August 20, 2022

There are so many feelings that fans miss when watching a race on TV. They don’t see how dramatic changes in altitude are, they don’t wrinkle their noses at the smell of baked brakes, they don’t feel the waves of air scattering around them when a group of cars hits them. exceeds 200 miles per hour.

And those are just the little details you get from sitting trackside. Imagine the feelings the pilots have that the fans will never know.

“More people have parachuted out of planes than ever got into a car and raced,” Andy Jeffers, owner of Sports & Entertainment Media, which coordinates the placement and sale of dash cams, told ESPN. NASCAR.

With traditional stick and ball sports, the action is confined to a relatively small area. Unless you’re watching the home runs land at McCovey Cove during a San Francisco Giants game, you can bet most of the action will take place in the arena.

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In motorsport, however, racers are captured as they cover several miles of circuit at a time. There’s a lot of ground for broadcasters to cover, which means filming from a distance and using wide angles. These tactics give viewers all the action, but being at such a distance, they come at the cost of transmitting the speed the drivers have reached.

“How do you show speed? That’s the hardest part of [broadcasting] any form of motorsport: showing speed,” Jeffers said. “It’s hard to go and talk about a driver, ‘Man, what these guys and girls are doing, it’s unreal! They are on the wire all the time! Oh good? antenna [camera] is great because it shows so much, but it can also look like LA traffic.”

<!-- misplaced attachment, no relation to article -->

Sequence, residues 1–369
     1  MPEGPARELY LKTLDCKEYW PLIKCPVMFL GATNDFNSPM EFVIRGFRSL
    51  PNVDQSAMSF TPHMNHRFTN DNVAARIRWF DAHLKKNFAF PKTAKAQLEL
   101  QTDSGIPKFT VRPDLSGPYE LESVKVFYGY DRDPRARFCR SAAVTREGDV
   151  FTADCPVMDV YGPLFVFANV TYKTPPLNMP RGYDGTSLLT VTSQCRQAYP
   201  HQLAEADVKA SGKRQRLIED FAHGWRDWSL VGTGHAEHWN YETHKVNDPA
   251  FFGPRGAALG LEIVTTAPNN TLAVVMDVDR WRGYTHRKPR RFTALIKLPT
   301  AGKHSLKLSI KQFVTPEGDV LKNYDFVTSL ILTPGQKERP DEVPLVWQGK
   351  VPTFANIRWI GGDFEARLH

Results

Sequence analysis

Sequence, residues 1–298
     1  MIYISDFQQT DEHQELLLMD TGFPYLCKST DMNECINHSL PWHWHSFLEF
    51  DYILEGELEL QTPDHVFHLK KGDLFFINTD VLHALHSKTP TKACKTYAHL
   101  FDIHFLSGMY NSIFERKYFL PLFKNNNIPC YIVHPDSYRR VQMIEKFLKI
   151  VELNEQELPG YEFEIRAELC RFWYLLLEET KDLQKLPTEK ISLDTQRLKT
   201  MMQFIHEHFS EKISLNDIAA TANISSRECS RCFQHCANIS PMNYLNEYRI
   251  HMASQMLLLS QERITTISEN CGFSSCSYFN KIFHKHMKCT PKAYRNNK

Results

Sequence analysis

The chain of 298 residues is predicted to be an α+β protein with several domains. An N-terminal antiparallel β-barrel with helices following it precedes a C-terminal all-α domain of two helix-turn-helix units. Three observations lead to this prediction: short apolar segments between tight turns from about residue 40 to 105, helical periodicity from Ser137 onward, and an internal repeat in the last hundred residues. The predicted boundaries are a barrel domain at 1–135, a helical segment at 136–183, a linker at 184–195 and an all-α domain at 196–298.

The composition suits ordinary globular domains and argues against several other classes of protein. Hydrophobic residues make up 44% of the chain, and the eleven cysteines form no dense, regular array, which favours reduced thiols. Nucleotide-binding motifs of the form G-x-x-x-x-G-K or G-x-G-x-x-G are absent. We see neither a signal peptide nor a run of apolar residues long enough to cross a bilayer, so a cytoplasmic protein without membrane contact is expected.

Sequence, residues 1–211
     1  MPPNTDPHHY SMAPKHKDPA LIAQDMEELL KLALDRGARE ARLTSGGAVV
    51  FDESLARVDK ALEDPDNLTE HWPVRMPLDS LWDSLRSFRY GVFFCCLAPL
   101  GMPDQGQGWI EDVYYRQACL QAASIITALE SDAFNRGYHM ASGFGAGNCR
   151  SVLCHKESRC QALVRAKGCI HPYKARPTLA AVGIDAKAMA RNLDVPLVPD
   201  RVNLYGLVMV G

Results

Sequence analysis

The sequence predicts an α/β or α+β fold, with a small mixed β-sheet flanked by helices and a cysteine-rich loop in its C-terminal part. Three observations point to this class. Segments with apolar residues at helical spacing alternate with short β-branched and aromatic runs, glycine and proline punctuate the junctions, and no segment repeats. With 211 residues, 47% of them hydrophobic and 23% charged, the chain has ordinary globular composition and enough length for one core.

That’s why so many shows work with broadcast partners and broadcast hardware developers like Broadcast Sports International to find unique new ways to get fans in the driver’s seat.

Last season, Formula 1 began experimenting with a camera built into the driver’s helmet. Since 2017, NASCAR has been perfecting the art of capturing video from the driver’s forehead. In MotoGP, the two-wheeled equivalent of F1, the protective leather suits of several riders are now equipped with an integrated shoulder camera.

“It’s really hard to replicate the experience of a Formula 1 car,” Dean Locke, director of broadcast and media for F1, told ESPN. “It’s not just about acceleration, it’s about braking, and until you see these cars in real life, you don’t appreciate it.”

It’s one thing to convey how fast these runners go, it’s another to illustrate the physique they’re subjected to at triple-digit speeds.

“For people who’ve never hopped on a motorcycle, it’s amazing,” Suzuki MotoGP rider Alex Rins said after launching the shoulder cam last November.

As athletes, pilots and runners want to share these experiences with their fans. There’s pride in showing off their body strength when subjected to the kind of g-forces the cast of “Top Gun: Maverick” have become accustomed to throughout their intensive training regimen.

In F1, two-time world champion Fernando Alonso was at the forefront of helmet camera development, and his Bell helmet was the first to broadcast video to international audiences of the series from Spa in Belgium last August. .